5 Quick Tips To Strengthen Enterprise Security Advocacy
Prevent a cyber attack with these simple best practices for better awarenessAdd bookmark
Cyber security is a holistic exercise that depends on the efforts of the security team, including CISOs, CSOs, VPs of Information Security, along with other lines of business (LOB). Critical security information must be passed along the proper channels – outward to the employee base and upward to the C-Suite and board of directors. That means everyone must have a knowledge base around cyber security. This doesn’t mean they must be technical wizards, but awareness could be key in preventing a pervasive cyber-attack.
To be successful, it is essential to overcome the challenges surrounding security awareness, which includes negative perceptions that security is complicated, too technical or even boring. Once these negative perceptions have been addressed, the team can then move on to fundamental best practices that may not necessarily cost a lot but will bring immeasurable benefits for the long-term.
Here are 5 best practices you could consider:
1. Agree on the definition of 'critical.'
In any endeavor, it is best to begin with the right intention and mindset. This is especially true in raising security awareness. Security expert Jamal Hartenstein suggests, “Begin with a thorough understanding of the company culture, size, organizational structure, and business objectives. Use these factors to get agreement from C-suite on the cyber security strategy, communication plan, and the definition of ‘critical,’ and then, adhere to the plan when passing critical security information to employees and the C-suite.”
2. Make your trainings fun and short.
It is all about human behavior. While security is definitely a serious business, the process of passing critical information can be done in a much lighter and engaging way. Do not attempt to teach everything in one session. Space out your trainings to keep it short and use materials that elicit a response such as memes or infographics. Designing a contest wherein employees will be given a chance to compete with each other in a friendly manner will be helpful too.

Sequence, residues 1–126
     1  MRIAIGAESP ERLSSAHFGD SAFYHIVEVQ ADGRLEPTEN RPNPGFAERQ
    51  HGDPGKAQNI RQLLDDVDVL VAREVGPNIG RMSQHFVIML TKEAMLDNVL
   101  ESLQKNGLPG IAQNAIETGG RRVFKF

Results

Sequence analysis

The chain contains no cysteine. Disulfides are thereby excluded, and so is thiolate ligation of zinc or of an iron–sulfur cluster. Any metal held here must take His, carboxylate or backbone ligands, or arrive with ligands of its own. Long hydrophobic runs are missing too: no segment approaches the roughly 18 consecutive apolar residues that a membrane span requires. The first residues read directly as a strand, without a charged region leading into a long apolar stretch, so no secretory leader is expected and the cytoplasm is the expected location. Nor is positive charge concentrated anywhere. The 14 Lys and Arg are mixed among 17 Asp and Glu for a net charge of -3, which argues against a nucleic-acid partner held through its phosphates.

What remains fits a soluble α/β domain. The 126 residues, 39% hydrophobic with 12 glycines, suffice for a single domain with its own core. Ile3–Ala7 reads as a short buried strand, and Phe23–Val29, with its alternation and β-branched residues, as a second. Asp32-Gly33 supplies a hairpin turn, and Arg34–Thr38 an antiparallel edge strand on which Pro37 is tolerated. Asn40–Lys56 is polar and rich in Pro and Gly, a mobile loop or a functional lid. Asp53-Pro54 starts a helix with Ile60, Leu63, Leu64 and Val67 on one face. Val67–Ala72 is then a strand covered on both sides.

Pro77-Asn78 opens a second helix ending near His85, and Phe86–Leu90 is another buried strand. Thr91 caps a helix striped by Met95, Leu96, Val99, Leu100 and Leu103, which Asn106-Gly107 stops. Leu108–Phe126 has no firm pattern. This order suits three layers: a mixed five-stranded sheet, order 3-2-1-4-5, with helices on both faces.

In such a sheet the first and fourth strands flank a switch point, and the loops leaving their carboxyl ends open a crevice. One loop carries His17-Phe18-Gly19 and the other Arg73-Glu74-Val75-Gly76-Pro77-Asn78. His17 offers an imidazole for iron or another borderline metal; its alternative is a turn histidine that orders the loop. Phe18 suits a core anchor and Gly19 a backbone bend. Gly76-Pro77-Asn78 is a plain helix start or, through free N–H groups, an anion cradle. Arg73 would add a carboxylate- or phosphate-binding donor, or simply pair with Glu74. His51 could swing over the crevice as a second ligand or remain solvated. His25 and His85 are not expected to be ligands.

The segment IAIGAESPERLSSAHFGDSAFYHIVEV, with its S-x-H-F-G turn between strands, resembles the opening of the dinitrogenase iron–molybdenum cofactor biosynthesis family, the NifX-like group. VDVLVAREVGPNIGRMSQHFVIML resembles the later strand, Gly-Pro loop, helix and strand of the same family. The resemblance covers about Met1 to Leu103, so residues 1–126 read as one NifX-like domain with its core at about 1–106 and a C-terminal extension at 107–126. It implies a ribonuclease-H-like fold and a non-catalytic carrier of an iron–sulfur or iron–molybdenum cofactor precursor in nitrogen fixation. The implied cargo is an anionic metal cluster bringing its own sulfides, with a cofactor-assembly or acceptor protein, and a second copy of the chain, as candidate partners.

3. Prioritize topics and have them in separate sessions.
Security is a wide topic and covers many different aspects and dimensions. Topics like password security, access control, mobile device security and threat response should be scheduled in separate sessions. The audience of your training can be grouped accordingly as well. Extend the training to everyone in your organization, not just IT leaders or staff, but have separate sessions for different lines of businesses to set the right context for the training and have a more productive outcome.
4. Calibrate your topics according to what will yield the best results.
Cyber security best practices for employees and the C-suite are fundamentally different. In designing your training program, calibrate your topics according to what’s most suitable to your audience. Long-time security practitioner Doug Cahill has this advice: “Employees need to be regularly reminded about the appropriate and vigilant use of email, the web, and cloud apps and how they relate to spear phishing attacks, bogus impersonation emails or data loss. On the other hand, the C-Suite is most concerned about risk management so lining up topics which include identifying the organization’s most critical assets and putting strategies in place to protect them including access controls and monitoring, will be most helpful.”
5. Start from the top. The C-suite is your ally.
Dealing with the C-Suite requires a unique approach. What should be delivered to the C-suite, at what frequency, and how depends on a few factors. Jamal Hartenstein offers this approach: "Where the critical security information comes from and what governance bodies it has passed through before reaching the C-suite is significant. Security advocates must ensure proper channels have been consulted or informed (especially if a RACI can be adhered to). The C-suite ought to receive a concise dashboard with appropriate indicators on the criticality, including descriptions of business risk and impact."
"The frequency of updates should either be immediate/ad hoc, based on criticality, or at systematic and continuous periods in order to provide the C-suite with a reasonable level of awareness that the organization agrees they would be comfortable possibly having to share with attorneys or the media. Be forward thinking as to how your information-sharing practices now can impact the business during a cyber-event in the future," Hartenstein adds.
He further concludes: "Not all employees need to know everything. Need-to-know applies to the passing of critical security information just as it applies to permissions/rights to access data. The best practice begins with data-flow diagrams identifying what data you have, who has access to it, and where the data goes. Use data-flow details to determine your communication plan to employees with regards to type and criticality of the security information. Be cognizant that an enterprise-wide email to all employees can sometimes “somehow” make front page news. For this reason, critical security information is carefully crafted for target employee audiences. Generally, informing of the threat and the consequences is most sensible. Omitting details on the vulnerability related to the threat also makes sense, unless you are addressing the team who are responsible for remediating the criticality of the matter at hand.”
See Related: "Security Advocacy: A Must For Today's Enterprise"